is solder paste a better option?

Discussion in 'General Electronics Chat' started by chimera, Jun 30, 2011.

  1. chimera

    Thread Starter Member

    Oct 21, 2010
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    Hello. So over a few week i learned the amazing tool that is Eagle. Its got a learning curve but well worth it. I went first for through hole but because I dont own a drill press, i went for the smd layout

    I also bought a nice soldering station--it has an temp/speed adjusted soldering pencil and air soldering. Now ive been doing a lot of research on how to solder smt and most of the stuff just boils down to a few things:

    a fine soldering tip, a fine rosin core solder wire, plenty of no-clean flux, fine tweezers, magnification, tinning the copper pads before soldering/laying the compenent and finally, some practise.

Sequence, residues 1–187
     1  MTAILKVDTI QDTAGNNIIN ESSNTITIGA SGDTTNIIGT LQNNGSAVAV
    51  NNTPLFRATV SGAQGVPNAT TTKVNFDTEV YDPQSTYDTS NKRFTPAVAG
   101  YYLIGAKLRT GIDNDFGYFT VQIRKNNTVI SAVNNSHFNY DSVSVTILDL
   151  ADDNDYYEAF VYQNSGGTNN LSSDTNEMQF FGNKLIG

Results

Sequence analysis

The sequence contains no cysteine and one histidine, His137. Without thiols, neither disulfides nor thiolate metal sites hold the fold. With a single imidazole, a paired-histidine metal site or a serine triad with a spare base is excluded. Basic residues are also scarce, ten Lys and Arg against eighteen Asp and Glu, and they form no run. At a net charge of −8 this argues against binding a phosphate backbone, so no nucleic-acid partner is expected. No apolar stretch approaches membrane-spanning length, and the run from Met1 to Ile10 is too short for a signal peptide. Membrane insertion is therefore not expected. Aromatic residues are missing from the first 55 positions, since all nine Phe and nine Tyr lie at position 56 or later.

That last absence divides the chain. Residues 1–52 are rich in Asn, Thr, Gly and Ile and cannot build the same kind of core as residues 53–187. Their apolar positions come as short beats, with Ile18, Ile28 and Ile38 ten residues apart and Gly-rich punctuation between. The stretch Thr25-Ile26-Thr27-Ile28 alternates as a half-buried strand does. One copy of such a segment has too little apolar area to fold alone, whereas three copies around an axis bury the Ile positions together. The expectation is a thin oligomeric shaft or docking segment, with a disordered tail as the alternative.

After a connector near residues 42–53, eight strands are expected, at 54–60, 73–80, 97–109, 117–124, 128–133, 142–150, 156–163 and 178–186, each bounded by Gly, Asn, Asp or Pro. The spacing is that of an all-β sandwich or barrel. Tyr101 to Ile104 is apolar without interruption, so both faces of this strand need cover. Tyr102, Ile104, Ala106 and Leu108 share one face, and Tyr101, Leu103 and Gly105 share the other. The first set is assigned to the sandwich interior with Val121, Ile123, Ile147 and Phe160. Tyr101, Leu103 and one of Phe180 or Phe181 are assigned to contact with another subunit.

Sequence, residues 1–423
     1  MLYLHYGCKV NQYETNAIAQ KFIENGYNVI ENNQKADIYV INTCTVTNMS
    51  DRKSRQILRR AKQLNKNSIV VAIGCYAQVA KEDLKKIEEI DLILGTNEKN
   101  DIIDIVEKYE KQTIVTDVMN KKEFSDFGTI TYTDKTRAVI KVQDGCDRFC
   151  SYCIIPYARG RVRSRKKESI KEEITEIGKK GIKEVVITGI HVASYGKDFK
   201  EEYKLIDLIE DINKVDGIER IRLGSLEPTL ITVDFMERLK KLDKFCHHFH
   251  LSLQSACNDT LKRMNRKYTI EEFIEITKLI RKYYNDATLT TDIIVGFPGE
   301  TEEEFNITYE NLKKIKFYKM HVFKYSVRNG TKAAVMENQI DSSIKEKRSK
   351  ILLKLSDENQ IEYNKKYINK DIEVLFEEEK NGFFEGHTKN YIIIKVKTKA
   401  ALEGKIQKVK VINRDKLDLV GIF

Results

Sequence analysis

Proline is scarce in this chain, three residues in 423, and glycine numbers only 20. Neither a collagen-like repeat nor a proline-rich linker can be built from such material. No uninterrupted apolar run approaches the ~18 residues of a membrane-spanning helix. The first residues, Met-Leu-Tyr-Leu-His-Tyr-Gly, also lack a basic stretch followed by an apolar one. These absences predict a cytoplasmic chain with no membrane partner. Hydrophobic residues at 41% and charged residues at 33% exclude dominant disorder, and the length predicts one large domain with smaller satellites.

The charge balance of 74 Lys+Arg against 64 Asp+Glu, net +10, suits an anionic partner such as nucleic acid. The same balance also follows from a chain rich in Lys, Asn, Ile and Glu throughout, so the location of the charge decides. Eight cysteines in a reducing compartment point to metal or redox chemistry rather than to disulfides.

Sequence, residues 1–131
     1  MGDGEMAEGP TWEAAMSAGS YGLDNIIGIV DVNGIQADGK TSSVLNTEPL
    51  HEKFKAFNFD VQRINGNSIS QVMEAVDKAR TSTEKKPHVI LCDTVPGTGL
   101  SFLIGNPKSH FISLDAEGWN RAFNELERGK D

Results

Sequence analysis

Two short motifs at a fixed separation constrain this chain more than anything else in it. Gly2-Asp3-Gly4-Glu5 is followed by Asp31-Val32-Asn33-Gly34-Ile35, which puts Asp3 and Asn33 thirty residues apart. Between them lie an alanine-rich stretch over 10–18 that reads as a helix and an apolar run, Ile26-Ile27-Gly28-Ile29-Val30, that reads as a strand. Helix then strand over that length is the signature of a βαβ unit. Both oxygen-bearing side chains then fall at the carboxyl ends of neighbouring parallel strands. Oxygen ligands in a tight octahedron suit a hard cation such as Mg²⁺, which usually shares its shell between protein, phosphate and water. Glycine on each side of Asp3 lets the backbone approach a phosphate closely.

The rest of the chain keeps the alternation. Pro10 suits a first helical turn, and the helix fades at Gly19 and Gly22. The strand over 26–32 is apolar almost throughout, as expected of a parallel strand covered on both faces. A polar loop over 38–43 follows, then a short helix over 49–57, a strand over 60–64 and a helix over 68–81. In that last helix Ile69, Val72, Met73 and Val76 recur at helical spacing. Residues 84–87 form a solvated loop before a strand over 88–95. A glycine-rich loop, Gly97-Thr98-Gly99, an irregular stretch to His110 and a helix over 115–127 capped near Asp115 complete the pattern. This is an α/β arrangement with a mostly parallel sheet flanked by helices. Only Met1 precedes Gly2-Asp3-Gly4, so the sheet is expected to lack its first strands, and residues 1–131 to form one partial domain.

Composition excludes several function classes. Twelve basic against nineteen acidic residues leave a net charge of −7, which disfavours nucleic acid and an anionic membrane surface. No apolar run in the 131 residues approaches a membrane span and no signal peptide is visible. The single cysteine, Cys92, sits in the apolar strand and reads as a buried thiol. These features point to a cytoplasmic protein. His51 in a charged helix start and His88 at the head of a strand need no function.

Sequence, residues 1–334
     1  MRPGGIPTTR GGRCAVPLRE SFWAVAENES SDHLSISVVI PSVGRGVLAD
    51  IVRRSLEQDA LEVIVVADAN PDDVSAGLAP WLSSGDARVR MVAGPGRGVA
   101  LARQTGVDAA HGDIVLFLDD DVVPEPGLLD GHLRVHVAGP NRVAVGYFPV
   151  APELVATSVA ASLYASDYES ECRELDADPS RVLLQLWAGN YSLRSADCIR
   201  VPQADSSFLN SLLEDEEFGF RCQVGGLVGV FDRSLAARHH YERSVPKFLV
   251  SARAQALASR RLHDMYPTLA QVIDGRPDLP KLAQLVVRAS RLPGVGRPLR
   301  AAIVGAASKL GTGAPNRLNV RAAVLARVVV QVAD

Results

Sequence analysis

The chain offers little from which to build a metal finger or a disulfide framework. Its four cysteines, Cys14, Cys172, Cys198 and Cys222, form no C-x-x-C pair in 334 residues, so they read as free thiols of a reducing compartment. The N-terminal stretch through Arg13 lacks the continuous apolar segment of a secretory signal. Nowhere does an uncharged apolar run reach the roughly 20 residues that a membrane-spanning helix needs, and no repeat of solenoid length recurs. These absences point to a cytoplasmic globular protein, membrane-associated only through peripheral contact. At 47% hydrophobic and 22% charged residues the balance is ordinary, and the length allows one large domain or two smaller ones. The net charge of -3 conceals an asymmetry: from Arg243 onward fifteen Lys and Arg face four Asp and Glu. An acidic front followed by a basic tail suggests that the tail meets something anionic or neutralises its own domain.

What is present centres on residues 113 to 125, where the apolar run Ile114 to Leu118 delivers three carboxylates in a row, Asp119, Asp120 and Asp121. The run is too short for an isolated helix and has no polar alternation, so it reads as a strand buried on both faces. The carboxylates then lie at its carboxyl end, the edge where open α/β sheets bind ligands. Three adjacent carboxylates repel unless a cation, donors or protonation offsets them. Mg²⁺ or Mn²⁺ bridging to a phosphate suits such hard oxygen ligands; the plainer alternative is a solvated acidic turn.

But i want to be able to use the soldering air gun attached to my new soldering station--it requires me to purchase solder paste.

    I researched on solder paste and it seems to be a little complicated--storage, shipping, usage and all that kind of information. So my question is:

    IS SOLDERING PASTE WORTH THE TROUBLE? and HOW DO I CHOOSE WHICH ONE TO BUY(they are pretty expensive). and lastly, HOW SHOULD I DETERMINE THE COMBO OF SPEED AND TEMPERATURE FOR MY AIR SOLDRING NOZZLE. (i dont want to blow or burn the heck out of the components/pcb). Please do give input. it'll def. help out a fellow engineer.
     
  2. ErnieM

    AAC Fanatic!

    Apr 24, 2011
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    Yes paste is far preferable to solid for hot air.

    I use something like this which isn't so expensive and lasts about a year even if you don't refrigerate it.